Around about four weeks ago, I was skimming the government's April income and spending report, noting the sizeable jump in consumers' income and how it created almost no response at the cash register. I attributed this state of affairs to the previous month's overspending (see below), but I clambered out on a limb to predict "another big bump -- and perhaps more than one -- in the income column over the next few months." I further predicted that newly flush Census workers would "run right out and spend their paychecks" in May.

Was that the right call? You be the judge:

From where I sit, at least, this does seem to be the way things have played out. For the third month in a row, U.S. consumers, as a group, found their wallets noticeably fatter than they had been in the previous month. For the second month in three, they reacted to this happy development by upping their spending.

Yet there's something surprising here, too. For the second time in a row, American incomes and spending rose -- with the latter lagging the former. According to the Commerce Department's Bureau of Economic Analysis, personal savings throughout the nation rose to 4% of annual income last month. That's surprising when you consider how very stingy the bankers at Citigroup (NYSE: C) and Bank of America (NYSE: BAC) have become with the interest they pay on such savings. The folks at the Federal Reserve are lending them money at nearly 0% rates, you see, fueling an amazing rebound in profits -- but giving the bankers little reason to pay more for access to depositors' money.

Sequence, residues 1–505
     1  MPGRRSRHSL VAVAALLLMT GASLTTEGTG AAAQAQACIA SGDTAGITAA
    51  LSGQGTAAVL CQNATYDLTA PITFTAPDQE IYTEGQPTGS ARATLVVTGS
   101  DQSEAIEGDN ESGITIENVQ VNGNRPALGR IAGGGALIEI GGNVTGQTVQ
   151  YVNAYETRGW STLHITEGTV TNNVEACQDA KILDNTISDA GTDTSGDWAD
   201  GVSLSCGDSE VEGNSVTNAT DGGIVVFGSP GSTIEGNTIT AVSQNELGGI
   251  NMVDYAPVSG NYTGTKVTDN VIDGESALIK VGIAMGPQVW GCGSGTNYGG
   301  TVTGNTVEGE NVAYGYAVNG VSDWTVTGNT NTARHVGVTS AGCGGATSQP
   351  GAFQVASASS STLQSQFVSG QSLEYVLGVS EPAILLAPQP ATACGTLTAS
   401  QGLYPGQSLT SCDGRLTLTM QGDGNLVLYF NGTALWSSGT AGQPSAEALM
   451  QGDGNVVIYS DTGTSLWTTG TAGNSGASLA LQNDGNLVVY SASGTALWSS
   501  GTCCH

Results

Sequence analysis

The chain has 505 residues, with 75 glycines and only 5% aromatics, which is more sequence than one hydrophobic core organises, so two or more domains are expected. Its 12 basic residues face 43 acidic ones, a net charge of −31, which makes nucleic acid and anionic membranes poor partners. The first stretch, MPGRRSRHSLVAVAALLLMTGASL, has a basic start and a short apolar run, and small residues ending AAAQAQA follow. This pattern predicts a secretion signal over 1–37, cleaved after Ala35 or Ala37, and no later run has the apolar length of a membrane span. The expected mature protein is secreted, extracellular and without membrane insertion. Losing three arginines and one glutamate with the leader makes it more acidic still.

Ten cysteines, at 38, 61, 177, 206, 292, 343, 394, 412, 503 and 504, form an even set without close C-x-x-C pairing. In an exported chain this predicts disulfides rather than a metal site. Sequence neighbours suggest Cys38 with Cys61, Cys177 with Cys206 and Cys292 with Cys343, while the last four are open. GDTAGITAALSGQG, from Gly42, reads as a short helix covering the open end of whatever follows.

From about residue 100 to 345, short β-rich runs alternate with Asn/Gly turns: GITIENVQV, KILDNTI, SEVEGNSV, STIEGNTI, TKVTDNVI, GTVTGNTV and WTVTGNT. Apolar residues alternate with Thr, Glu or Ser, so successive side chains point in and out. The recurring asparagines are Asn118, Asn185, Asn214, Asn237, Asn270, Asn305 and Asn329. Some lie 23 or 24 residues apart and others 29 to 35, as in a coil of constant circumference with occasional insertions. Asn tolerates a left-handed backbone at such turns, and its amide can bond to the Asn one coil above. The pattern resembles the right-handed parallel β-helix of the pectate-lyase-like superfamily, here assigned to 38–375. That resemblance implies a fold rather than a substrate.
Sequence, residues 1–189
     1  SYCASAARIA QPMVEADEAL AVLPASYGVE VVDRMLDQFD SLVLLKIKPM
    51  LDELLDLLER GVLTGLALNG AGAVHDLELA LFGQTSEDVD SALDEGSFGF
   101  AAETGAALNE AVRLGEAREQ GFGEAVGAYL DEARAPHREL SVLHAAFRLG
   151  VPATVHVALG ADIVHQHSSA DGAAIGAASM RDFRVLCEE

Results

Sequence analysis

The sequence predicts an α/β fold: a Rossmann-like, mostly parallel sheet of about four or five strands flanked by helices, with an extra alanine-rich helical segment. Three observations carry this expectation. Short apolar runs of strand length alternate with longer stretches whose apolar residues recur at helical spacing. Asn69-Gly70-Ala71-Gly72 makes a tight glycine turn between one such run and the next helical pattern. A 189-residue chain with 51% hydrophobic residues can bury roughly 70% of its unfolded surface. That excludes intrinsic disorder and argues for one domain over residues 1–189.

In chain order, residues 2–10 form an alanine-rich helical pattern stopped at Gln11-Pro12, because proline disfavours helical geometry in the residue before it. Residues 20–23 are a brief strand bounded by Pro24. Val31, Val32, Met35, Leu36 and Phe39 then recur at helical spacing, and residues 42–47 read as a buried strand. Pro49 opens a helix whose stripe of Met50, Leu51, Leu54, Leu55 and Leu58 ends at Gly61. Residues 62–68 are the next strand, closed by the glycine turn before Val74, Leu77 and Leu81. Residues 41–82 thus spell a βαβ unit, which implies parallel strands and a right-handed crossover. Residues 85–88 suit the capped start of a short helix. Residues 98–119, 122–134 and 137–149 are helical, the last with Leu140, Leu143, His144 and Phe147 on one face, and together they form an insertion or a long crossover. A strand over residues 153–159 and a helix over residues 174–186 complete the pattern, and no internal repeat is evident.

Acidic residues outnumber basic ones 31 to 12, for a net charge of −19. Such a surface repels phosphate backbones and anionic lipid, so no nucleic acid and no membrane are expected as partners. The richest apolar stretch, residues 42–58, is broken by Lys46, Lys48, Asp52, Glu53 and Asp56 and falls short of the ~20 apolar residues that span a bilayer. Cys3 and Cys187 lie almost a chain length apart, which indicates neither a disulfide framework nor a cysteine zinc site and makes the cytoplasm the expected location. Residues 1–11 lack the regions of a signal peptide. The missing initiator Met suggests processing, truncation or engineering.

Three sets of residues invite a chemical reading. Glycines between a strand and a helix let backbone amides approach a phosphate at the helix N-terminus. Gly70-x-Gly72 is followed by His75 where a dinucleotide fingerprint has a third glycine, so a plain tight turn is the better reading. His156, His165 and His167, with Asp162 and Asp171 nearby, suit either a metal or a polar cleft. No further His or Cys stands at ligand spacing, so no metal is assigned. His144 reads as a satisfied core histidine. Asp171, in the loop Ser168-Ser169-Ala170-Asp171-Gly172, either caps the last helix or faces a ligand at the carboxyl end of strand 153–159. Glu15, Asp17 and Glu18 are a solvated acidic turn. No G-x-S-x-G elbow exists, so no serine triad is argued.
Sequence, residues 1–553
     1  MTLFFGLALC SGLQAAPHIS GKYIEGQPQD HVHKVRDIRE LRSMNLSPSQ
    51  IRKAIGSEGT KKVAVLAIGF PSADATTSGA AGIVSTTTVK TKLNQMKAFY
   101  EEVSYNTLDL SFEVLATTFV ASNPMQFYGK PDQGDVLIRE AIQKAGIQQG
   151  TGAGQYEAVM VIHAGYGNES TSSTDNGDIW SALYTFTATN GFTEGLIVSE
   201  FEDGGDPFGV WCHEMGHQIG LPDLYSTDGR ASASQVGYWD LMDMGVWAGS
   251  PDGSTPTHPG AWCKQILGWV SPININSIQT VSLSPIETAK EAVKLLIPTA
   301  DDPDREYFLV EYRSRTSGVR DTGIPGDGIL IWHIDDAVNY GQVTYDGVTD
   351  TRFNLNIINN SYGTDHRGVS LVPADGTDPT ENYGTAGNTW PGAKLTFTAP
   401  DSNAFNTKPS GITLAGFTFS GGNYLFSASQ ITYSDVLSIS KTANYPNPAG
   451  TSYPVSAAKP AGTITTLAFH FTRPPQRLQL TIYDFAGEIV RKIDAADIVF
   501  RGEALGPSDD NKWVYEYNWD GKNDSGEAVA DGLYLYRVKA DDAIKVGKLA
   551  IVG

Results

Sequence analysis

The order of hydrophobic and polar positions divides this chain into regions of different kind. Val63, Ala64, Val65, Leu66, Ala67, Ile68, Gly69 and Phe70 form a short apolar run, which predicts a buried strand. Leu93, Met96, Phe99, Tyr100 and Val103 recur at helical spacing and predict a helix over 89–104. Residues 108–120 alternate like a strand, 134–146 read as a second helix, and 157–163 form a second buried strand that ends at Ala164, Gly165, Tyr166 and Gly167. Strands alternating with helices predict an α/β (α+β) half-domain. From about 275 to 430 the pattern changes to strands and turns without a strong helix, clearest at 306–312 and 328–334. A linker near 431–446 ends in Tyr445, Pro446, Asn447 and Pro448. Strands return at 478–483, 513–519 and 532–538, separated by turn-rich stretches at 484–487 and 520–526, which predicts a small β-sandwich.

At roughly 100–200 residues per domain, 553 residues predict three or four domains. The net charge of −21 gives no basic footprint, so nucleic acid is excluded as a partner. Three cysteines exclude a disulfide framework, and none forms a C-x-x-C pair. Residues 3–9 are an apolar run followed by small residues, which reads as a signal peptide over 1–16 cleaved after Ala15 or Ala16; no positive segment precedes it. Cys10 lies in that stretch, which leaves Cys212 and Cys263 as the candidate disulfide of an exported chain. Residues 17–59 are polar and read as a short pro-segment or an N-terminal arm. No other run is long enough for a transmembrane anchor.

Americans' surprising reluctance to spend with abandon is sending tremors down the corporate spines at retailers from American Eagle (NYSE: AEO) all the way up to Wal-Mart (NYSE: WMT). Yet I see a ray of hope in consumers' measured return to the stores. Could it be that consumers will do their part to revive the economy, but do so prudently, and without ruining their own finances in the process this time?

Let's hope so. And let's make sure to check in when our next major retailer, Family Dollar (NYSE: FDO), gives its update on spending trends next week.

That's my take on BEA's latest facts and figures. But what do you think? Take the Foolish Rorschach test, and tell us what you see in the chart up above, down below.

Wal-Mart is a Motley Fool Inside Value pick, but Fool contributor Rich Smith owns no shares of any company named above. The Motley Fool has a disclosure policy.